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Keep the season festive — and safe

Published 9:06pm Wednesday, December 12, 2012

This past weekend finally afforded me enough free time to get in some of my pre-Christmas traditions. I baked some Christmas cookies, drank some hot apple cider and — one of my favorite pre-Christmas traditions of all — decorated our Christmas tree.

As far back as I can remember, picking out and decorating a Christmas tree was always a special event in my household. From the trip to the Christmas tree farm, to picking and cutting down the tree to — somehow — managing to cram the often too-big tree into the car, Christmas-tree shopping required commitment.

And that’s not even mentioning clearing out a place of honor in the living room and searching through dust- and spider-covered boxes in the basement for our tub of Christmas decorations. But my memories of the annual event have always been good ones, and when I moved out I vowed to continue the tradition.

While I no longer trek through freezing fields to hunt out the perfect tree, my husband and I do still buy a fresh tree every year. It’s a wonderful tradition that really gets me in the mood for the season.

But I was dismayed to read that a family’s Christmas tradition went up in smoke — and flames — Tuesday night. Officials say that a dry Christmas tree was the flashpoint for a fire that damaged a Bethlehem Street home. Luckily, no one was hurt in the fire, but the event could just as easily have ended in tragedy.

As one who looks forward to my Christmas tree every year, I am completely in favor of celebrating the holidays with festive decorations. But safety should always be a concern.

The Virginia Department of Forestry offers a few suggestions to keep your family safe while still keeping your traditions:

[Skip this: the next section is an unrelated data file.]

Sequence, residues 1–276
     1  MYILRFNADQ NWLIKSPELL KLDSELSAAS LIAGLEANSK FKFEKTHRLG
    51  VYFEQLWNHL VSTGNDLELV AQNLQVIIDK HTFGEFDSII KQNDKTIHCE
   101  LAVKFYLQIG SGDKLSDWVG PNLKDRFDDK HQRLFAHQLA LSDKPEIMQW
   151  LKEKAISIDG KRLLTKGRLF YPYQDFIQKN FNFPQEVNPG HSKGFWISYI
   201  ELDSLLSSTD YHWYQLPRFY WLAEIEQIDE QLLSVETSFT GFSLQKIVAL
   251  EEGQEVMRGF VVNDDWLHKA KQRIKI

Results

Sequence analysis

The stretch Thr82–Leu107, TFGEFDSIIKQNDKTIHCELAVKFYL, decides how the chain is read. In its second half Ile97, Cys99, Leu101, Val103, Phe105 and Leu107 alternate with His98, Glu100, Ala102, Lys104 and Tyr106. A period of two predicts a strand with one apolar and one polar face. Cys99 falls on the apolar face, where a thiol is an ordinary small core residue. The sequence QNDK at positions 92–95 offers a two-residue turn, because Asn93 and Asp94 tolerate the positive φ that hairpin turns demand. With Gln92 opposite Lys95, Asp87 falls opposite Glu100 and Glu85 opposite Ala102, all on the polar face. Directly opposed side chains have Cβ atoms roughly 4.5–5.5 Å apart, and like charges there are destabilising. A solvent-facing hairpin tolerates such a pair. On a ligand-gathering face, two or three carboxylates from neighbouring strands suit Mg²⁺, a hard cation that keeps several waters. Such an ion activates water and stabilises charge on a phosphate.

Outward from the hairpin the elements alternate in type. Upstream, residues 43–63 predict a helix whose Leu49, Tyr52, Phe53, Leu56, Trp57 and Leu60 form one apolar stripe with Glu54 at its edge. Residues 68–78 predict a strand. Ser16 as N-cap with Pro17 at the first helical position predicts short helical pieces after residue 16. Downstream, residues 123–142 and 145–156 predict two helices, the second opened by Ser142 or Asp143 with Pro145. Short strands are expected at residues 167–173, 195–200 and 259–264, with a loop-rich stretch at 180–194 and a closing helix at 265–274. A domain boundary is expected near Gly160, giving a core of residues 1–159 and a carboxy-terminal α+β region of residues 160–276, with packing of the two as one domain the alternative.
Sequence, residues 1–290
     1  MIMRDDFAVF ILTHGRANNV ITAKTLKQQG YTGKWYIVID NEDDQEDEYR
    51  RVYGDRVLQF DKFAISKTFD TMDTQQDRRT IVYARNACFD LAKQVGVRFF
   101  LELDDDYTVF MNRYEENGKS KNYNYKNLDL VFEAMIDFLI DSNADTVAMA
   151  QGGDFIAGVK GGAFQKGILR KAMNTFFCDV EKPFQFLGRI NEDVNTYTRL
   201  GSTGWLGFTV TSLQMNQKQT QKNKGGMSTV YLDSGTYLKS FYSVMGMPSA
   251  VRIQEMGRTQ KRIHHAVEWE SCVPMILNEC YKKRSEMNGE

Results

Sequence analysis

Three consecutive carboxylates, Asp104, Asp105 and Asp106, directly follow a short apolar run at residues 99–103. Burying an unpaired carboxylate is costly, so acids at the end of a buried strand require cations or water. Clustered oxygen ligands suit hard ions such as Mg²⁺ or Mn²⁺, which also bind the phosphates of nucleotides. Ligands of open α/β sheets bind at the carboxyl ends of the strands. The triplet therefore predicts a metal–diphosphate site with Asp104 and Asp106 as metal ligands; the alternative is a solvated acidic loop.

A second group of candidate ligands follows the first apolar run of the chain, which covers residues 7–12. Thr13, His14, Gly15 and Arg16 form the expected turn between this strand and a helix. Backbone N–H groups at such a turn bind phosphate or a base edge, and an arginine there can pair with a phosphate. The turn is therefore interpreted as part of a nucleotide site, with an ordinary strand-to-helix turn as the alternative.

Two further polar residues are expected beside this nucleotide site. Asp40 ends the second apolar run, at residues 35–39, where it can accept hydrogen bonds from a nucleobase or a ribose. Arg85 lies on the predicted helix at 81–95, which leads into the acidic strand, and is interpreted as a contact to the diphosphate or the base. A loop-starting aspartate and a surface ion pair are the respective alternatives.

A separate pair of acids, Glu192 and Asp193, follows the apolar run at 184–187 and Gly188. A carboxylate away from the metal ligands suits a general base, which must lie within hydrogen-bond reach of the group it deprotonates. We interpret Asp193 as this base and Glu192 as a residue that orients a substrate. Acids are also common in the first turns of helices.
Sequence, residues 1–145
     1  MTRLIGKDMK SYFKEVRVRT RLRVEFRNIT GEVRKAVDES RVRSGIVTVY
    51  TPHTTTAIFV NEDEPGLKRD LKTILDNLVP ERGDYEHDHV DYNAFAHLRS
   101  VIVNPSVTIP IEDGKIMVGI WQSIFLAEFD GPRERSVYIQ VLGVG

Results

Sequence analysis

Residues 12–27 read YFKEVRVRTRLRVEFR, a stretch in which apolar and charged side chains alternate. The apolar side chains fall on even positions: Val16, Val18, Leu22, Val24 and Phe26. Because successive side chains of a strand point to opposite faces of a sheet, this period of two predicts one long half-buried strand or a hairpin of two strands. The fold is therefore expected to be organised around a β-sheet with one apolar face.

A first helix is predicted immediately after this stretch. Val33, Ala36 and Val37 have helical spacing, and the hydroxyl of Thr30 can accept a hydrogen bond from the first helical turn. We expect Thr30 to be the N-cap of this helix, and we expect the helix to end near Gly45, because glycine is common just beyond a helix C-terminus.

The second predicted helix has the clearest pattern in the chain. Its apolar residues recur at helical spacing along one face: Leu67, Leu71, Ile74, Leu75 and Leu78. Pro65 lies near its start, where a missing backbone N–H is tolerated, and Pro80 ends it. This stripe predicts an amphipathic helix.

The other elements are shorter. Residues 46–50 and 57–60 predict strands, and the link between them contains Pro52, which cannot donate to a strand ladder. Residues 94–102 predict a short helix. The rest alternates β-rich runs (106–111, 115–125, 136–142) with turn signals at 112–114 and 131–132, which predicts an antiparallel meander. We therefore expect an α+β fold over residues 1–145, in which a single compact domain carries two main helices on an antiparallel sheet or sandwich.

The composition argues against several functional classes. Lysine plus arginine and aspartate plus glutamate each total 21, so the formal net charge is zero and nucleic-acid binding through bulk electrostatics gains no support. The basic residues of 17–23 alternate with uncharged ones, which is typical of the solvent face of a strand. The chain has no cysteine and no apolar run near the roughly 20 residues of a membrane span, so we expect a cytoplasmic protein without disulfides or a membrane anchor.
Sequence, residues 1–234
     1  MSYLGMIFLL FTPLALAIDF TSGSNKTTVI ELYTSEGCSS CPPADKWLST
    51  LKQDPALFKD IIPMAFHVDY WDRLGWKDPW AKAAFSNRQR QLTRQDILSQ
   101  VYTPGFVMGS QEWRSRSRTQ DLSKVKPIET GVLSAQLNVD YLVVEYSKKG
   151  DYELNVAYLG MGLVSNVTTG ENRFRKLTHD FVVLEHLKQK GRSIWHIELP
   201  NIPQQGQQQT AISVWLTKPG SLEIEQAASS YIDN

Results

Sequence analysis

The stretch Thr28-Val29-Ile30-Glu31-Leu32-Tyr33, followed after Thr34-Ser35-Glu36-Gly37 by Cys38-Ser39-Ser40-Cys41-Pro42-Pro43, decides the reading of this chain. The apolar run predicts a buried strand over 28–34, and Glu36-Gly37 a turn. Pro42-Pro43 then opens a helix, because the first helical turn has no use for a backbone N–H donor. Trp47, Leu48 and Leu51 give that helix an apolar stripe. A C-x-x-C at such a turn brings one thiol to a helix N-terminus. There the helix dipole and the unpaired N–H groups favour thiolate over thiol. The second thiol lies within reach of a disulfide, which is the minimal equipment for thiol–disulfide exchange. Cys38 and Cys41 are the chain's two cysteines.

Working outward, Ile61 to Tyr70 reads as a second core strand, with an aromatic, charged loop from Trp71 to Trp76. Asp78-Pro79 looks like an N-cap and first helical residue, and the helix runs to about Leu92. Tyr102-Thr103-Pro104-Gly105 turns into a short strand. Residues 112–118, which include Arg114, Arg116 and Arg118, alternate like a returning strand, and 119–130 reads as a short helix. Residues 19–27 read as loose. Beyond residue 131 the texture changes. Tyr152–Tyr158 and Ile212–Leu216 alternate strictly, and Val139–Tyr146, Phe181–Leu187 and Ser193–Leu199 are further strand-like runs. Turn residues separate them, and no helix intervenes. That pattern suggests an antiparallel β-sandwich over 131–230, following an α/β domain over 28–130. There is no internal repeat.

• Test your smoke detectors before the holiday.
  • Do not use candles on or near the tree.
  • Use UL approved lights.
  • Place the tree away from heat sources, such as fireplaces and heaters.
  • Keep your Christmas tree in a sturdy base filled with water. Check the water level daily.
  • Consider spraying your tree with a flame retardant.
  • Turn off all Christmas lights prior to leaving your home or going to bed.
  • Safely dispose of your tree before it becomes dangerously dry. Never burn the tree or tree parts in your fireplace.

My husband and I purchased several strands of UL approved LED lights a few years ago. They produce virtually no heat when lit and aren’t that much more expensive than normal lights. We purchased ours at Big Lots on the cheap, but most stores have them now.

Of course, you need to turn them off when you go to bed, but at least there’s less chance they could catch your tree on fire when they are lit. For more holiday safety tips, visit www.dof.virginia.gov/fire/safety/safety-christmas.htm.

Christmas is a season of festivities and joy. But keeping a few simple tips in mind while celebrating will help keep this holiday season from being one of tragedy.

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